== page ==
The Washington Post is reporting that Pakistani experts believe Hakimullah Mehsud, the leader of the Pakistani Taliban was probably killed in a drone strike–and that his death would be a “fatal blow” to the Taliban, coming so soon after the death of his predecessor, Baitullah Mehsud, also in a drone attack.
To which I caution: Not so fast. First, we don’t know if the fellow is dead. Second, if he is, it’s entirely possible that the Pakistani Taliban will find another leader quickly–Hakimullah had competition for the job; there are aspirants waiting in the wings. Third, even if there is an extended power struggle and the movement has been seriously weakened by a combination of drone strikes and Pakistani Army operations in South Waziristan, that doesn’t mean an end to Taliban terror attacks. They will continue. The best case scenario is that the possibility of the Taliban actually launching a broad-based popular movement to overthrow the government–perhaps with the aid of some elements of the Army–has been squelched.
But the most important caveat is suggested by a quote from the military leader:
Gen. Ashfaq Kiyani, Pakistan’s army chief, told a group of foreign journalists Monday that with 147,000 troops deployed near the Afghan border to fight Pakistani militants, and 100,000 stationed along Pakistan’s eastern border with rival India, “almost the entire army is involved in operations. We need to train and rest.”
It is entirely possible that this whole story is an attempt by the Pakistanis to resist U.S. pressure to move the anti-Taliban fight from South Waziristan, home of the Mehsuds, to North Waziristan, home of the Haqqanis (who, in the past, have been agents of the Inter-Services Intelligence Directorate–the ISI).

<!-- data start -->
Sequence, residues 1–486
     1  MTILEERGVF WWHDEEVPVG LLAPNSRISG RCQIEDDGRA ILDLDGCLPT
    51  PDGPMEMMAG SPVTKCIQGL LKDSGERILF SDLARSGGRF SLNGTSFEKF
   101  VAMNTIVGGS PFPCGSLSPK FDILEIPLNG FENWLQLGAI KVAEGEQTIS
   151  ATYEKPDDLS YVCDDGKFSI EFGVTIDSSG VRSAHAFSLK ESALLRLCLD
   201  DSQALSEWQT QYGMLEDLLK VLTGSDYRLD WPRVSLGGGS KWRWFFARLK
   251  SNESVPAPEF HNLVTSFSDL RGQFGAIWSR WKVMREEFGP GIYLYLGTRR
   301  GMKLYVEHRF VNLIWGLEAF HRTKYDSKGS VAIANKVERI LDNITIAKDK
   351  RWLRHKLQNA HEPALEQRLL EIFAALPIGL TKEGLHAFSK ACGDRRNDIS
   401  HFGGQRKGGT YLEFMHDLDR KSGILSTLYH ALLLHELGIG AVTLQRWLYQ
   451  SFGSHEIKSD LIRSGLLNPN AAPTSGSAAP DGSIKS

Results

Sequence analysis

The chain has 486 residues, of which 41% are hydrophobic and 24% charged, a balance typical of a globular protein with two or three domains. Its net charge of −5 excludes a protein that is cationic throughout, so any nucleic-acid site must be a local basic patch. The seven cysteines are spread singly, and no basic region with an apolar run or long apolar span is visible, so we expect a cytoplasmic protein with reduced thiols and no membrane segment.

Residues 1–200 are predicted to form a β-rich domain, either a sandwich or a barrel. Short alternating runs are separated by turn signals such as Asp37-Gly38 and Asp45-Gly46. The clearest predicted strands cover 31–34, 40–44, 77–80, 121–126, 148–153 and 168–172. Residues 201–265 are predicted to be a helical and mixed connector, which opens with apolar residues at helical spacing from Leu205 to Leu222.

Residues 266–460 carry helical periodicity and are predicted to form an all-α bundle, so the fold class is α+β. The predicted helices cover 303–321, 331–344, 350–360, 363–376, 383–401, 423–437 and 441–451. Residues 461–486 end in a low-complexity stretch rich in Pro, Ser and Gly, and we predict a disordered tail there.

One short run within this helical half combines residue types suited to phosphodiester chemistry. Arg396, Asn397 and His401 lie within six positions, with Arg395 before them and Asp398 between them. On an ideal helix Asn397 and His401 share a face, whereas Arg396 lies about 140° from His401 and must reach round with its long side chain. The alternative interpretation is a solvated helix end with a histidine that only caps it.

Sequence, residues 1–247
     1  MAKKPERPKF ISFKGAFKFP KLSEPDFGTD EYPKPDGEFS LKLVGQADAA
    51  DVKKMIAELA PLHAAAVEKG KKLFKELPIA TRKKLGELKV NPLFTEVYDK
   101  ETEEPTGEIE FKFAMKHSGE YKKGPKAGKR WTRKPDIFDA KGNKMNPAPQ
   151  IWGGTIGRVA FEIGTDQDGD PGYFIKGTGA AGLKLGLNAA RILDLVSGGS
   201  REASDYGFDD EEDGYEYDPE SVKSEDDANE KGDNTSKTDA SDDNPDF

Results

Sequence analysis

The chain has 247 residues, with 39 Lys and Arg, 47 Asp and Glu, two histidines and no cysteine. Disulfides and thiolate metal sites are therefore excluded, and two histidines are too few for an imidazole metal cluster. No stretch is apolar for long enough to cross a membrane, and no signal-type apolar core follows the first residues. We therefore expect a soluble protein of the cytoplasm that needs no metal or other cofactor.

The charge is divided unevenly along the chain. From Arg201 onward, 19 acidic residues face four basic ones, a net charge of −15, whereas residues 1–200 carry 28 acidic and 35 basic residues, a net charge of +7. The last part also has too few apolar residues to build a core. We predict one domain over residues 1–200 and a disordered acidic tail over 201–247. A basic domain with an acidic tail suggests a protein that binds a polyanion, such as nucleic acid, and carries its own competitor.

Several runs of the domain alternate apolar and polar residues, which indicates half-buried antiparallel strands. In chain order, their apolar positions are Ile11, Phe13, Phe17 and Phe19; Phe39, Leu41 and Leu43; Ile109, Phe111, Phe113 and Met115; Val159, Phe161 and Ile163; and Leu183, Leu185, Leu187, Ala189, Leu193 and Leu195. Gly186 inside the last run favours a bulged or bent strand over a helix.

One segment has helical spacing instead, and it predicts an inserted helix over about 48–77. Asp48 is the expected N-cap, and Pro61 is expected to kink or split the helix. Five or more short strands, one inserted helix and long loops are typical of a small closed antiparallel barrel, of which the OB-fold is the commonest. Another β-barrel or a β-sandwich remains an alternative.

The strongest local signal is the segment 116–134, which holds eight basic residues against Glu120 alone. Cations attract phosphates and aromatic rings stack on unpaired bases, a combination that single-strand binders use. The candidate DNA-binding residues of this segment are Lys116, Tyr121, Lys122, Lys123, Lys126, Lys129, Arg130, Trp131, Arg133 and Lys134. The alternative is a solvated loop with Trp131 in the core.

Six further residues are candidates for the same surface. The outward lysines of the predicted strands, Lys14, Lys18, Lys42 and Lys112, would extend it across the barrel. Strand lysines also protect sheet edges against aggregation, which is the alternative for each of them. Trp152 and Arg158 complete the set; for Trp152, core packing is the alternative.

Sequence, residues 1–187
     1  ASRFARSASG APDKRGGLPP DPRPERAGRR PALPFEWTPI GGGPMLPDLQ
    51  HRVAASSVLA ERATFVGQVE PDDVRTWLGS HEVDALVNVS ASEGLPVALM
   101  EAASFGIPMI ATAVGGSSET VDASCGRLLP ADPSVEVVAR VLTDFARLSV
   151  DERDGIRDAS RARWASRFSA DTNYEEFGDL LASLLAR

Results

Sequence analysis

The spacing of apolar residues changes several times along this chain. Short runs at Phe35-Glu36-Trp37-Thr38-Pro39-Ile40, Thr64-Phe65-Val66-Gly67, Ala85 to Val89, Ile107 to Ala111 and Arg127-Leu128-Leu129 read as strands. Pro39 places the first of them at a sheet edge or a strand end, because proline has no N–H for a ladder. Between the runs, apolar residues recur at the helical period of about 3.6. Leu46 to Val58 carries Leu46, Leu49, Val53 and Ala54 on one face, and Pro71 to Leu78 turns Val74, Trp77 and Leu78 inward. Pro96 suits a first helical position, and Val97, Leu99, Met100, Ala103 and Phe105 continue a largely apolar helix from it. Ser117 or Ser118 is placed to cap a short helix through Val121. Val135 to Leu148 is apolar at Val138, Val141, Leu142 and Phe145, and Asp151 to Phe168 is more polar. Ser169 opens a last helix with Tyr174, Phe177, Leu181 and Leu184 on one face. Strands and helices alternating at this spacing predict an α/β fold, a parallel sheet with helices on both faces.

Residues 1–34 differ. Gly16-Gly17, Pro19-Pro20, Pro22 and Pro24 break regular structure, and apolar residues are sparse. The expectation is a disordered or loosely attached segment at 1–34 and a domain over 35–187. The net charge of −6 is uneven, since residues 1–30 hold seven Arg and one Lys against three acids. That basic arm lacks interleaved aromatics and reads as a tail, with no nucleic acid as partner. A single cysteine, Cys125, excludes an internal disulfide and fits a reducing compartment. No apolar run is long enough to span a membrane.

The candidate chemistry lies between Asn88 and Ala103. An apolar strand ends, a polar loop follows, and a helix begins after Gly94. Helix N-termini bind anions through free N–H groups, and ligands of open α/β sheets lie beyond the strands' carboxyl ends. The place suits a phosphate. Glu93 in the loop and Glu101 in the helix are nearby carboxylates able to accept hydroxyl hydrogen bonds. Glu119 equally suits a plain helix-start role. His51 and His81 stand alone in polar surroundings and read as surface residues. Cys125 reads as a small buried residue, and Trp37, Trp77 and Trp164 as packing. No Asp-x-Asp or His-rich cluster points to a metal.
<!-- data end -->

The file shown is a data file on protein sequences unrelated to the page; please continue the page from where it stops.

This raises a larger point: our gullibility when it comes to news from the region. We–on all sides of this question–tend to place more credence in news we like than news we don’t like. A few months ago, for example, the Jordanians spun a tale–reported here in Time–that their double agent who bombed the CIA station in Khost had turned because he was upset about U.S. policy in the middle east. Maybe. Or maybe the Jordanians were just trying to deflect attention from the fact that they fatally misread their double-agent. The point is, there were those, especially in the left blogosphere, who took the Jordanian spin as gospel because it reinforced their view–a legitimate view, by the way–that our presence in the region is only causing more trouble. (Neoconservatives have been spun, similarly, by reports of counter-insurgency “progress” in Helmand Province, which are very questionable because of the absence of Afghan participation in the reclaiming of neighborhoods.)
All of which is to say: If there is anything we know about news from the region, it’s that we don’t know very much. My policy is, take nothing at face value. I’m skeptical about all these reports, which is why I try to visit the war zones as often as I can. I try to base my judgments of progress or regress on hard evidence (like the decline in violent incidents that heralded the turn against Al Qaeda in Iraq’s Anbar Province in the spring of 2007) that is backed by a plausible rationale (the local tribes decided they didn’t like AQI’s brand of sharia). On the flip side, it was very easy to discern, when I visited Afghanistan in late 2008 and spring of 2009, that the war was not going very well there.
So, I hope Hakimullah Mehsud’s death presages the end of the Taliban threat in Pakistan. But I also hope the Pakistani Army continues its campaign against the terrorists and extends it, by going after those like the Afghan Taliban leader Mullah Omar, whom the Pakistanis supported in the past.